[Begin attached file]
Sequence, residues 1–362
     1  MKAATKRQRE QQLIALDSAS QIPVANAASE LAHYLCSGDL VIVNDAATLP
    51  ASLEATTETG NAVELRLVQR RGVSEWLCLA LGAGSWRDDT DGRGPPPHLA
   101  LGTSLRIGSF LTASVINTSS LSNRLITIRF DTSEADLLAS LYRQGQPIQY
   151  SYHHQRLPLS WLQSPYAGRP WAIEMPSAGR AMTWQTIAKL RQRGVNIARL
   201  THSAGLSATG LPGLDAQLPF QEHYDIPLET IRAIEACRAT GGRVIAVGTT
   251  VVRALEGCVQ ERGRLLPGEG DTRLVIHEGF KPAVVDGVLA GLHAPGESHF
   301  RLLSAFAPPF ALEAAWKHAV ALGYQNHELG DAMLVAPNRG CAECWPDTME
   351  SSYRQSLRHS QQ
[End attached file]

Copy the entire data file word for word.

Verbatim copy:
Sequence, residues 1–362
     1  MKAATKRQRE QQLIALDSAS QIPVANAASE LAHYLCSGDL VIVNDAATLP
    51  ASLEATTETG NAVELRLVQR RGVSEWLCLA LGAGSWRDDT DGRGPPPHLA
   101  LGTSLRIGSF LTASVINTSS LSNRLITIRF DTSEADLLAS LYRQGQPIQY
   151  SYHHQRLPLS WLQSPYAGRP WAIEMPSAGR AMTWQTIAKL RQRGVNIARL
   201  THSAGLSATG LPGLDAQLPF QEHYDIPLET IRAIEACRAT GGRVIAVGTT
   251  VVRALEGCVQ ERGRLLPGEG DTRLVIHEGF KPAVVDGVLA GLHAPGESHF
   301  RLLSAFAPPF ALEAAWKHAV ALGYQNHELG DAMLVAPNRG CAECWPDTME
   351  SSYRQSLRHS QQ